When William of Wykeham, then- Chancellor of England, decreed in the 14th century that ‘Manners maketh man’ would be the perfect motto for Winchester College, he probably had an inkling his pithy aphorism would remain pertinent for centuries to come. And the wily wordsmith would have been right.
Proper decorum remains today the personification of masculinity at its least boorish; from Wykeham himself through to Cary Grant and George Clooney, via the likes of Giovanni della Casa – the 16th- century poet and author of the treatise on manners, Il Galateo – the social situations a man confronts daily may have changed over the years, but the basic tenets of gracious behaviour are set in stone.
Not that human advancement hasn’t abraded the edifice of etiquette over time. Indeed, our recent relentless techno-cultural advance sometimes seems to resemble the proverbial hare in the censorious fable, rushing ahead too fast for the sociological tortoise to keep up: What becomes of a self-respecting gent’s natural penchant for elegant diction, when all around are ‘try’n 2 trsh it’ asap? Is a thank-you note stripped of its sincerity and impact when clicked to the recipient down a wire?
And what of cultural developments such as feminism and the blurring of lines between classes? The quandaries thrown up by these will be dealt with as this series on gentlemen’s conduct goes on. Meanwhile, it seems appropriate – as a reminder for those who need it, and simply for the sake of celebration for those who don’t – to raise a toast to the five timeless Pillars of Gentlemen’s Etiquette.
This is an abstract, intangible beast. Il Galateo author Giovanni della Casa had clearly worked out that some men are impervious to the notion of grace when he advised, ‘After you’re done blowing your nose, don’t open your handkerchief and look in it, as if expecting pearls or rubies to have cascaded into it from your brain.’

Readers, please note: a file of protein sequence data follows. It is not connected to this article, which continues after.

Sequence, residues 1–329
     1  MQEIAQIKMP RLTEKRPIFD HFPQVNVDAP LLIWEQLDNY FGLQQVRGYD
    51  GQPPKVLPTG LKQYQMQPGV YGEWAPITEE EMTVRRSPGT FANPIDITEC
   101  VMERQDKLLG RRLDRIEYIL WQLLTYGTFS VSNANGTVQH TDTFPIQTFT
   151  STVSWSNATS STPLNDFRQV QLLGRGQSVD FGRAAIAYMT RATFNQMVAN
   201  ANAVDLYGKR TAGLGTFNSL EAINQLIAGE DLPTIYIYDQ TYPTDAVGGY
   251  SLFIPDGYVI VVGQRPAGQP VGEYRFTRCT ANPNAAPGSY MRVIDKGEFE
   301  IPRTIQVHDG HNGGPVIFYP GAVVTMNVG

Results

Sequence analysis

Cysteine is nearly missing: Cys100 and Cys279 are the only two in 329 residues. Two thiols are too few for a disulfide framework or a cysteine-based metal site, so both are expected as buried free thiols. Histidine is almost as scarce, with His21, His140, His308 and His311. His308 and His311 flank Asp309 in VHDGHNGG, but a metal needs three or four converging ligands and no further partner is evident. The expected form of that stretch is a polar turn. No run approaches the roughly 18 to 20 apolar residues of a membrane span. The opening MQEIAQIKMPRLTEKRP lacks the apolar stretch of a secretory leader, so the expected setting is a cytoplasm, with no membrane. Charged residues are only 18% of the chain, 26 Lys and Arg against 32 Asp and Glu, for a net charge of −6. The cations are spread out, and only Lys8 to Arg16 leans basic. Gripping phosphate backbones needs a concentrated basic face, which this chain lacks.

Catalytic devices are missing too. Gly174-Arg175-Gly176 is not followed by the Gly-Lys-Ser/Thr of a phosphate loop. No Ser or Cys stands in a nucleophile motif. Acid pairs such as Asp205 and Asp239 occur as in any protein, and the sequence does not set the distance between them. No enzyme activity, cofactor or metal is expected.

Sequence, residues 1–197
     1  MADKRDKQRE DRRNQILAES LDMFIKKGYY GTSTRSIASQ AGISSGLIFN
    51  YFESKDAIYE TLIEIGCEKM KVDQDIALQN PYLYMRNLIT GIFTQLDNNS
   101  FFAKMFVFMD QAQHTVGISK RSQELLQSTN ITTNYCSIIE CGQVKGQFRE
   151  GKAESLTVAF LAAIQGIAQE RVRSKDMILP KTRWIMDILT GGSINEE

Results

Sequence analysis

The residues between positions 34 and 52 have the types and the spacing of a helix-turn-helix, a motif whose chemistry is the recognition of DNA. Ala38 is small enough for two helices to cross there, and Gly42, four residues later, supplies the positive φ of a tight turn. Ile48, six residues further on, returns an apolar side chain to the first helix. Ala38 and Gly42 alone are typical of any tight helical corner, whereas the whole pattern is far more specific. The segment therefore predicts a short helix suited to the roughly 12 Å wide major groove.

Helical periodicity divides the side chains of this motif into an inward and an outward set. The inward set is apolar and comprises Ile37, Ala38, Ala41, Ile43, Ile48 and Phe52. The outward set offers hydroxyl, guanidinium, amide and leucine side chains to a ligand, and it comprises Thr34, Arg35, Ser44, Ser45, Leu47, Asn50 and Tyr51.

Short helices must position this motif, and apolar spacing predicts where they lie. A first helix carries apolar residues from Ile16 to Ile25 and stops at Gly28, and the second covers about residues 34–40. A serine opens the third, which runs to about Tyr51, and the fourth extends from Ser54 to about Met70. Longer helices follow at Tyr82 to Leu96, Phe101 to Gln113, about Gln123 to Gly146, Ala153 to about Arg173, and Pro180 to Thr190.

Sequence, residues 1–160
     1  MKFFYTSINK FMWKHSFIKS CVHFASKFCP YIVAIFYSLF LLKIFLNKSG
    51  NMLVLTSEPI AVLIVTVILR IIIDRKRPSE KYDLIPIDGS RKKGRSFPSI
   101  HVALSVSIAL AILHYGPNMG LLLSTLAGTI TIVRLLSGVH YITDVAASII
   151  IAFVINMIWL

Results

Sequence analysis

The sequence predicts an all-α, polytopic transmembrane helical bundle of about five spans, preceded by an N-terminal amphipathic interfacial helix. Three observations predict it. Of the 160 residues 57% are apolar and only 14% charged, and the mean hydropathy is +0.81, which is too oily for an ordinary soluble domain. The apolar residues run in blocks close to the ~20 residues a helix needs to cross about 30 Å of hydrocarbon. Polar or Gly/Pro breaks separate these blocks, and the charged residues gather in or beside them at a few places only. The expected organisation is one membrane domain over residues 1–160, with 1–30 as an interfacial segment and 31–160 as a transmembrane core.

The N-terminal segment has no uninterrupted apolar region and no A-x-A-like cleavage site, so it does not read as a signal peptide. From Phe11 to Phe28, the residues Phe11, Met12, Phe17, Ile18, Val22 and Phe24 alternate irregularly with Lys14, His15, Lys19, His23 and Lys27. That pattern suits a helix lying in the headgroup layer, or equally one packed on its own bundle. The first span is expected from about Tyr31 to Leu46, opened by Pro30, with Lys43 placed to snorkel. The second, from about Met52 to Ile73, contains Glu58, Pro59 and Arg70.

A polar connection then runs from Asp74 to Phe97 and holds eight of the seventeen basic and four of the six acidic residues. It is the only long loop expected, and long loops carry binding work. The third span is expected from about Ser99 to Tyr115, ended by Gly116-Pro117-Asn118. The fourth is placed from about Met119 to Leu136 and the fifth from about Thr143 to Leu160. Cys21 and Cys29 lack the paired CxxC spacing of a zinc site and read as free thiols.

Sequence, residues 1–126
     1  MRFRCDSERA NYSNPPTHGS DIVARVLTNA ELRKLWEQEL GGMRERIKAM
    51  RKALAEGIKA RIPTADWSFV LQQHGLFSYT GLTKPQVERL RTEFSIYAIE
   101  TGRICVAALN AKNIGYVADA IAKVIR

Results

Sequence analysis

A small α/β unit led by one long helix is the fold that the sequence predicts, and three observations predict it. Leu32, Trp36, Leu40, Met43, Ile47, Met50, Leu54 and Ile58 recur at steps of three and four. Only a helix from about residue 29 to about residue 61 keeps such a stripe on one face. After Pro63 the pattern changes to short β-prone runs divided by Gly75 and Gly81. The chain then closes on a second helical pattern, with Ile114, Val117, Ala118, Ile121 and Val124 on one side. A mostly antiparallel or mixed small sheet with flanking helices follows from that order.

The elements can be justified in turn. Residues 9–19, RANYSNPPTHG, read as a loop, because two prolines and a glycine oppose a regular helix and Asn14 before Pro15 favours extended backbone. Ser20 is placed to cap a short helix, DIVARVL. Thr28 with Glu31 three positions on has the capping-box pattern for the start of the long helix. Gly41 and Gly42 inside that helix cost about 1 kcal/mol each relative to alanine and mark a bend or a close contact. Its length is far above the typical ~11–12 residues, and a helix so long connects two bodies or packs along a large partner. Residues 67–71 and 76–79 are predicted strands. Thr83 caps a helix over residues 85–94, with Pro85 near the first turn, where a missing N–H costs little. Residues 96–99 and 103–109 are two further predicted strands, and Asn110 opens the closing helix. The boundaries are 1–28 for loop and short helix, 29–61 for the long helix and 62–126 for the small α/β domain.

Scrutinising a soiled tissue is a fairly obvious faux pas for modern men, just as holding a knife and fork incorrectly makes one resemble a ravenous caveman attacking mammoth flesh. But some of the subtler nuances of grace are more elusive – and all self-respecting gentlemen owe it to themselves to instil these into their behavioural programming. We’re talking about subtleties such as the warm smile that accompanies a firm handshake; the straightening of cutlery at the end of a meal; and the adoption of a posture, in any social situation, that is alert and yet relaxed.
Della Casa has lots to say about a man’s individual dignity in a court-holding scenario. ‘If you’re going to tell a story, make sure you’ve got it straight in your head beforehand, and don’t torture the listeners with irrelevant details,’ he says and adds, ‘Don’t laugh like an imbecile at your own jokes.’
But there is also the dignity of others to think about here: under this falls not interrupting speakers, listening carefully to what others have to say and treating their opinions seriously, however outlandish they may be.
At its best, dignity, like respect, has a symbiotic social effect. How dignified an act of selfless social lubrication is the common garden introduction? And how corrosive it is to the social cachet of all involved when a host fails to formally (but not too formally) harvest connections between the socially unacquainted at a gathering. Gentlemen, in fact, should jump at the opportunity to introduce people to each other – it’s an opportunity to display poise, wit and confidence, while doing a service to those in your company. What could be more timeless?